Satabank account holders are struggling to make ends meet, with some saying they can only afford buying bread and cheese.
One of them, who spoke to Times of Malta on condition of anonymity, said on Tuesday he was living day by day, hoping the little he had could be stretched as much as possible.
“It’s a nightmare. People cannot even begin to understand what we’re going through. My lifestyle had to change overnight. I started eating the things I had in the fridge and freezer but now that’s empty and I’m living on just bread and cheese,” the man said.
He said he had heard similar stories from other account holders queuing outside the bank’s offices in St Julian’s.
Accounts at Satabank, a small international bank, were effectively frozen by the Malta Financial Services Authority last month, with EY (formerly Ernst and Young) appointed to administer the bank’s assets in “the best interests of depositors”.
The move had come after a joint inspection and audit by the MFSA and the Financial Intelligence Analysis Unit found shortcomings in the bank’s anti-money laundering procedures.
Depositors have reportedly slipped into “a state of desperation” after they became unable to access their own funds and some had even taken to physically waiting outside Satabank’s offices in a desperate bid to find out what would happen to their money.
Sources close to those involved in overseeing the process said Satabank held about €300 million in customer deposits. Still, account holders do not have access to their own money.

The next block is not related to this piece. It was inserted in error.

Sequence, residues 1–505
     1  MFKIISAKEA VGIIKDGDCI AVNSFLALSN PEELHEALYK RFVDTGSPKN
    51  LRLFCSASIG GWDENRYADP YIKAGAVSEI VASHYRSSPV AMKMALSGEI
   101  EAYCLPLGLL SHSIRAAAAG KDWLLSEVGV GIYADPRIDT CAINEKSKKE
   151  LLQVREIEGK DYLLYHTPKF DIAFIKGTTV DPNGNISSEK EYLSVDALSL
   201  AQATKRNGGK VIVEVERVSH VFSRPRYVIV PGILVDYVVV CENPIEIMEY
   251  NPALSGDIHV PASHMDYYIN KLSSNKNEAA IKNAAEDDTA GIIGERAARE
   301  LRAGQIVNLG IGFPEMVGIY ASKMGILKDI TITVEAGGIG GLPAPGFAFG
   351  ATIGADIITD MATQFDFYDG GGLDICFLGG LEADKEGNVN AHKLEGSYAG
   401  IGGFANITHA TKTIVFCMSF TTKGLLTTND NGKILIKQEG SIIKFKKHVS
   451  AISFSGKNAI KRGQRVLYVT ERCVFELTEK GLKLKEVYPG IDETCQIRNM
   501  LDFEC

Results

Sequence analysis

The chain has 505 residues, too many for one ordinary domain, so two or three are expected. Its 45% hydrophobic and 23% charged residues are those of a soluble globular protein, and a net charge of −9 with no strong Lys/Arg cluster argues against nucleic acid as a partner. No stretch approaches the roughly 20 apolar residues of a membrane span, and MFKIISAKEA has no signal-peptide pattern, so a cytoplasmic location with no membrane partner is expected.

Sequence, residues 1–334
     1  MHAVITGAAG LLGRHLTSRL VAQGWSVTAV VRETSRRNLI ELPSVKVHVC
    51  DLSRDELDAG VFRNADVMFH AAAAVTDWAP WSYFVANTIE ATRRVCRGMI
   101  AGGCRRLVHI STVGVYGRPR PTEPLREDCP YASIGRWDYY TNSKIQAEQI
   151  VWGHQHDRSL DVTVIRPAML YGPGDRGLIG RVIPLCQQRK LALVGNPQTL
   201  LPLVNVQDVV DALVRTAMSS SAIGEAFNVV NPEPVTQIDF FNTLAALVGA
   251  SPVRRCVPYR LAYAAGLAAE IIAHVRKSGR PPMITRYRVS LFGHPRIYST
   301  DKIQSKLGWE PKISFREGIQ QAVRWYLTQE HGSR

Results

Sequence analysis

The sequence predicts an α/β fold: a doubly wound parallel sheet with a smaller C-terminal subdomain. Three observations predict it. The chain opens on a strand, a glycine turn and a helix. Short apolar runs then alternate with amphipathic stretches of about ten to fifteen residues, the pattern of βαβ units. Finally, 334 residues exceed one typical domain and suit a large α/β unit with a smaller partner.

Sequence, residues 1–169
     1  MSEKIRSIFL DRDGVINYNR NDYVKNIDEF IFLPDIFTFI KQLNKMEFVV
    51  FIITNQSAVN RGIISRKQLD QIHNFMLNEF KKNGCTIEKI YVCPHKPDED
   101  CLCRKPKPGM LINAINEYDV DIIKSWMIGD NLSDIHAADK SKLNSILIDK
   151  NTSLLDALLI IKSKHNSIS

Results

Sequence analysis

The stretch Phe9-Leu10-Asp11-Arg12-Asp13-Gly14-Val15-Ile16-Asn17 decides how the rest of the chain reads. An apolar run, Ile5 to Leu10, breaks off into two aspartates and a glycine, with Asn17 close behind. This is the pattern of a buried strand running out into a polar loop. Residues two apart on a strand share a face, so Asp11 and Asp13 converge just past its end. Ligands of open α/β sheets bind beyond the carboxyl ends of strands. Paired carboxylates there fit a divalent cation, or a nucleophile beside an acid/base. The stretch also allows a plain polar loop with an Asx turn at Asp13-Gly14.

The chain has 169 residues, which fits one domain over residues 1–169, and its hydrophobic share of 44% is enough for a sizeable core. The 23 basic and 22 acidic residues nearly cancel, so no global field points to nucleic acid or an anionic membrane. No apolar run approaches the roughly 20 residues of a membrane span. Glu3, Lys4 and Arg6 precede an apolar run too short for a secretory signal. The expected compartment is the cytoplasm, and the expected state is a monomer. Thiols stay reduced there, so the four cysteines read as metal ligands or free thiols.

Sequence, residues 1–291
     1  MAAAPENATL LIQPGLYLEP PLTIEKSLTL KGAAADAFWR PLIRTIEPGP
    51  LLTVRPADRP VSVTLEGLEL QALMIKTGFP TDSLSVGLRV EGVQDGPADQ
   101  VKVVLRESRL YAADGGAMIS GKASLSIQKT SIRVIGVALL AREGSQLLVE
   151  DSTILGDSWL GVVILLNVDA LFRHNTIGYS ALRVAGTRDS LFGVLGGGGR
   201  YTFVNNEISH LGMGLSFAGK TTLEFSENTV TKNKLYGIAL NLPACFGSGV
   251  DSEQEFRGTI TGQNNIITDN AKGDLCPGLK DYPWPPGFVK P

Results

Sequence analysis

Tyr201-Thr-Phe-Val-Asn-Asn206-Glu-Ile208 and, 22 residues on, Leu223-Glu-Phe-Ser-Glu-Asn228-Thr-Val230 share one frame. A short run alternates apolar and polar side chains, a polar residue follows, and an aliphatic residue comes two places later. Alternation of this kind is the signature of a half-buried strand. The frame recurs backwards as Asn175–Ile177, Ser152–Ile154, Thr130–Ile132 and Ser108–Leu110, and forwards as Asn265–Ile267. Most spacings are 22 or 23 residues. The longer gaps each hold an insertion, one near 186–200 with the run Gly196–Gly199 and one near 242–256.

“I asked them to release just €10 a day but they wouldn’t have it. I cannot imagine those account holders who have children. What are they living on,” the man mentioned earlier wondered.
“I have been without my medication for three weeks now because I also do not have the money to buy the pills. The money is there but it’s though it does not belong to us.
“Satabank simply couldn’t be bothered. I went there, I wrote to them and nothing. Brick wall. Even EY did not reply to my queries. It’s simply not fair because that money is mine,” the frustrated man added.
“I spend about €200 each month on pills. Without them my health is at risk. Who will be responsible for all this?”
The account holder said he was worried he would not be able to settle the water and electricity bills, risking having the services suspended.
Even the telephone and internet company told him the bank trouble was not their problem and that he would have to pay for the service anyway.
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